Winnie was working at Stratford Woolworth's and they decided to hold a party for
local children. My brother Dennis and I were shanghaied into
helping - our first lesson in never volunteering for
anything. The venue was Stratford
Town Hall, with Al Bowlly – a well known crooner – as the star turn. . While Al Bowlly was performing, some people were chatting. Al stopped the music, came to the front of
the stage, and threatened to come down and "duff them up” unless they shut
came the talent contest. A popular song
at that time was The Fleet’s In Port Again, and we had to endure a constant
stream of kids, mostly girls, who had chosen that song, each singing their own
version, both tune- and word-wise.
Then came a
little boy of about four years old. To
say he was suffering from terminal stage fright was the understatement of the
year. He managed a couple of little
"eeks” then dried completely. This met
with tumultuous applause and he was adjudged the winner.
One of our
lads, Bobby Badkin, was going out with a local girl. She and her sister, we found out, ran a small
dance school and somehow or the other a group of our lads were dragooned into
attending one of their concerts. They
were called the Twenty Teeny Tappers.
Every item in the show featured the TTT’s and, whatever the music, the
same routine. After about six of them,
terminal boredom set in. To this day the
mention of TTT’s brings both Dennis and me out in a cold sweat.
While we were
stationed at Topcliffe, we once ventured as far as Newcastle- upon- Tyne. Most large towns had a snooker hall,
invariably above a Burtons the Tailors shop, and during the war these were also
used as Service Clubs. I found myself
sitting with a group of lads with no trousers on while some kind ladies sewed
on missing buttons.
As I’ve mentioned before, we used to go into
Scarborough to the Royal Hotel. The bar
there sold whatever drink they had managed to get hold of on a "take it or
leave it” basis. One night all they had
was gin, a drink which in normal circumstances I wouldn’t touch, but beggars
can’t be choosers and so I quaffed a few. After a while
I decided that I needed some fresh air.
Between me and the door was a pillar holding up a balcony and somehow
this pillar kept moving to be in front of me, whichever direction I approached
it from. I did eventually make it
outside and crossed the road to a small park opposite.
There was a
bench, it had been raining, so I lay down in a pool of water. Eventually the
other lads came out, found me, and helped a rather soggy me to Mrs Mac’s. Strangely enough I was the first one up the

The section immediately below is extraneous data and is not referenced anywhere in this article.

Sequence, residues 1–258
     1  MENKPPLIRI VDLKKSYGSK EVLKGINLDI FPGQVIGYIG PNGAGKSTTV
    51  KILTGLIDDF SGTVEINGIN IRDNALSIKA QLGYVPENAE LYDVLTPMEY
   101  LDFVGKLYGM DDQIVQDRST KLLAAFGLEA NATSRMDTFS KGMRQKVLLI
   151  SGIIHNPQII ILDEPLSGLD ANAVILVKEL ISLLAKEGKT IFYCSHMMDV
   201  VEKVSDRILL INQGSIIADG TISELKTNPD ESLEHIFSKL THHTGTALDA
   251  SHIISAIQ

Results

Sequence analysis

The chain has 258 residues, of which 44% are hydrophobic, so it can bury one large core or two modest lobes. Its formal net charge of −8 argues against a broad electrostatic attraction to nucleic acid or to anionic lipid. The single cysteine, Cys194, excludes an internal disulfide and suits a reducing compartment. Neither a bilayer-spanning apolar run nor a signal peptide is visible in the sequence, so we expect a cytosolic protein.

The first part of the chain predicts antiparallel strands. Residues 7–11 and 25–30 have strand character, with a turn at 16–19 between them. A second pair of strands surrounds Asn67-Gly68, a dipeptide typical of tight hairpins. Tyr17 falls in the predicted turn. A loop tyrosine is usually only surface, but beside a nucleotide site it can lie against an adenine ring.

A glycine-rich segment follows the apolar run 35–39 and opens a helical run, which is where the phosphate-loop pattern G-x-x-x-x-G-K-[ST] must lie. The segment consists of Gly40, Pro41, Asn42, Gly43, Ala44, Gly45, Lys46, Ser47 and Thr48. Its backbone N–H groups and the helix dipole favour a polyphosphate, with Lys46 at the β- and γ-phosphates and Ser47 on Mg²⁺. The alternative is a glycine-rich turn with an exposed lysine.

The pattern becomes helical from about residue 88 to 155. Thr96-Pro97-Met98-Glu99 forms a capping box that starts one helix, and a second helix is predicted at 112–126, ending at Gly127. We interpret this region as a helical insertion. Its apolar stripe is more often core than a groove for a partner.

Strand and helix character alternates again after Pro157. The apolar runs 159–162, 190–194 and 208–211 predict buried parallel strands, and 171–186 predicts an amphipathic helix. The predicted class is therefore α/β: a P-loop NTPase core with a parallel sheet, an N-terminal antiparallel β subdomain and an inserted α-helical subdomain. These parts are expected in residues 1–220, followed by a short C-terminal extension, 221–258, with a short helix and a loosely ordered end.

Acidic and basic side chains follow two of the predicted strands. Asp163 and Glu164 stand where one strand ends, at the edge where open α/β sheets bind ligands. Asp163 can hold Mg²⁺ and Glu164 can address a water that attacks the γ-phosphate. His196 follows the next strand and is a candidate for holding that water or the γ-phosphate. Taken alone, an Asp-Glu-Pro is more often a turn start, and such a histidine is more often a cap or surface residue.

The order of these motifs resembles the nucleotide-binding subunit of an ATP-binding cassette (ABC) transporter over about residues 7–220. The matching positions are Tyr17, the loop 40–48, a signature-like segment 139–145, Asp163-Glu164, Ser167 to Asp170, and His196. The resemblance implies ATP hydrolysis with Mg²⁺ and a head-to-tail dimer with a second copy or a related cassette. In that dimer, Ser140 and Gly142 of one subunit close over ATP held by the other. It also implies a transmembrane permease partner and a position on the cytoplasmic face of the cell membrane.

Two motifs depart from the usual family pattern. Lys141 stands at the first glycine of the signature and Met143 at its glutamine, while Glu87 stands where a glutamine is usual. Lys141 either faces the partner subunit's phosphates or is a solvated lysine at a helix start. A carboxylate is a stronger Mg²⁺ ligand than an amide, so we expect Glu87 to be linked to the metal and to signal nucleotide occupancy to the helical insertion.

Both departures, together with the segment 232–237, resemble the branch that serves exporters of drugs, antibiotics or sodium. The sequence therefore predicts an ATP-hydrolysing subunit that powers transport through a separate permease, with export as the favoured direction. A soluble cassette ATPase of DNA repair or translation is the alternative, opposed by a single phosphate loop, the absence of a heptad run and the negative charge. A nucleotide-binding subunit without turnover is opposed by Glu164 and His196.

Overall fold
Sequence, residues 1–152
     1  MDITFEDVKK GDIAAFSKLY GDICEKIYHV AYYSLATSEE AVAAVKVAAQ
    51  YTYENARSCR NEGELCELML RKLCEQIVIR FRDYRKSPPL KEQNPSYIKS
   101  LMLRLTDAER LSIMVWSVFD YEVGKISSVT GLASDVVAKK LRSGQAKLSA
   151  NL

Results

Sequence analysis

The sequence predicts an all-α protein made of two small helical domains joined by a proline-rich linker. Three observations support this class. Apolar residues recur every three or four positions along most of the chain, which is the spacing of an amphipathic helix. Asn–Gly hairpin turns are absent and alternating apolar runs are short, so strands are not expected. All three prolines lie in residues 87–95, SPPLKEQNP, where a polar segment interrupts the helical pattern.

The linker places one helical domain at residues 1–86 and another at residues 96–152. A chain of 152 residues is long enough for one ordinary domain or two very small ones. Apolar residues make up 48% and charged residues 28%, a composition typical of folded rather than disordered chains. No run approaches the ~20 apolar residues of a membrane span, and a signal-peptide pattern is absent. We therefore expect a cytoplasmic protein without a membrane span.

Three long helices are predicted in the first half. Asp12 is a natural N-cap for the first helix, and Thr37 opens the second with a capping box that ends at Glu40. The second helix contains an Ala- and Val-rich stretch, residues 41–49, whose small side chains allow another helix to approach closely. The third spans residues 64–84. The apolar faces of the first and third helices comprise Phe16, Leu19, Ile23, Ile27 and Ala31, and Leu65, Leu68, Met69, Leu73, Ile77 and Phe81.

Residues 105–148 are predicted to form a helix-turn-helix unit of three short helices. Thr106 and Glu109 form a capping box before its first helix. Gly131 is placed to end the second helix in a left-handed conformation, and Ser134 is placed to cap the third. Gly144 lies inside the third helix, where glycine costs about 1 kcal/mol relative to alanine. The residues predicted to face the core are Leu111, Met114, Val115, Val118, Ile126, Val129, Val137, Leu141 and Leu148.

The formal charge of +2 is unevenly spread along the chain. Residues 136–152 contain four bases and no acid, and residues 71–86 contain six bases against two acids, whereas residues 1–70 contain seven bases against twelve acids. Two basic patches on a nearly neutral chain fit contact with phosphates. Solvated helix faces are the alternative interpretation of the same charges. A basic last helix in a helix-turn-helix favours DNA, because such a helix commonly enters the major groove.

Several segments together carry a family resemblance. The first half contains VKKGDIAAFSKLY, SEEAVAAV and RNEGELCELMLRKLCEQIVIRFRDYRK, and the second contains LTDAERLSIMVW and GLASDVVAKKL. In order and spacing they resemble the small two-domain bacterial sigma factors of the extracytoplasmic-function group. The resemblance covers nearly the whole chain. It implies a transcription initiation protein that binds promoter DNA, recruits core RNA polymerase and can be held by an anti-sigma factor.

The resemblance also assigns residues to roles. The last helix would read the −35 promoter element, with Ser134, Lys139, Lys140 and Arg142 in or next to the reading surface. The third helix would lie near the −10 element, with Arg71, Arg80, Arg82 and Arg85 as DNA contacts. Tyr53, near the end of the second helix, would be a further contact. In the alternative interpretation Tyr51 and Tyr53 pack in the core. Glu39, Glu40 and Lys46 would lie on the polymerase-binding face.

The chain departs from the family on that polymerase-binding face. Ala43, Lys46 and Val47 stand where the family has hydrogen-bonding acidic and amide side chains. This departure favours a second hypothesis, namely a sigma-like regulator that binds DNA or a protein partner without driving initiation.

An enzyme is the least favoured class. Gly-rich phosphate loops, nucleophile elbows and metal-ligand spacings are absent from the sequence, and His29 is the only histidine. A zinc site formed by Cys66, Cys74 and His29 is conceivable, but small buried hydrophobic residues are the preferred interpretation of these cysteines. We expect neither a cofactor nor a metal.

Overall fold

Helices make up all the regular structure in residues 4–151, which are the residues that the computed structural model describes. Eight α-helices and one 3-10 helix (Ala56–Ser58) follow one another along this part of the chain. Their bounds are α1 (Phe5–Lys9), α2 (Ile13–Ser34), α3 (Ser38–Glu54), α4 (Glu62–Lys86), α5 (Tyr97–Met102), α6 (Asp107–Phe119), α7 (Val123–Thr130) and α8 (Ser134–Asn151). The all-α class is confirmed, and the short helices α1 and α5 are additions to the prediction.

next morning and I just had time to change into battledress before we reported
Pocklington we, the crew, purchased a car from a departing crew for the
princely sum of £5. It was a Vauxhall 12
- cheap to run, we filled up from a bowser on the airfield, as did everyone
else. However it had a few faults. Whenever we stopped we had to get out and
push the body back on to the chassis, then someone had to get underneath and untangle
the brake rods so we could get going again.
It served its purpose though as we didn’t go far. When we left we sold it to another crew – for
One day a B17
(Flying Fortress) landed with engine trouble.
Some of us lads were deputed to entertain the crew while it was being
fixed. First we suggested a football
match which didn’t last long, as the Yanks didn’t have a clue about
football. Then they proposed a game of
American Football to get their own back.
selected as Quarterback and we started.
I stood behind our man with the ball, shouted out a meaningless string
of numbers (as I’d seen in films) then "Hike!”.
The ball came back to me, followed immediately by a horde of Yanks and
before I knew it I was flat on my back.
This happened every time except at the end when they generously stood
back and allowed me to throw a pass. I
don’t know about quarter back it was more like flat back!
of being a Londoner "oop North” was that if you were at a dance and, as was
inevitable, trampled on your partner’s feet, you could always say "Oh sorry,
that’s a new London step which you wouldn’t know”. You couldn’t do that at home though!
Around 1942-43, before my Stacey
(my dad) got called up into the RAF he used to regularly play football at the Barking Road Recreation
Ground, near the Duke’s Head pub, in East Ham (East London).
Where the pitch had been marked out, one of the
corner flags was significantly but inexplicably higher than all the rest, so
much so that it was always a bonus to get awarded a "corner” from that
Sometime during 1945, before he eventually got
demobbed, he learnt the reason for the raised ground -an unexploded bomb had
been discovered underneath the corner flag.
"But didn’t they know it was there?” I asked;
"Surely even an unexploded bomb would leave a great big hole?”
Apparently not. Depending on the type of bomb
it was, and if it had gone straight into the ground nose-first, it could have
quite easily buried itself without being noticed.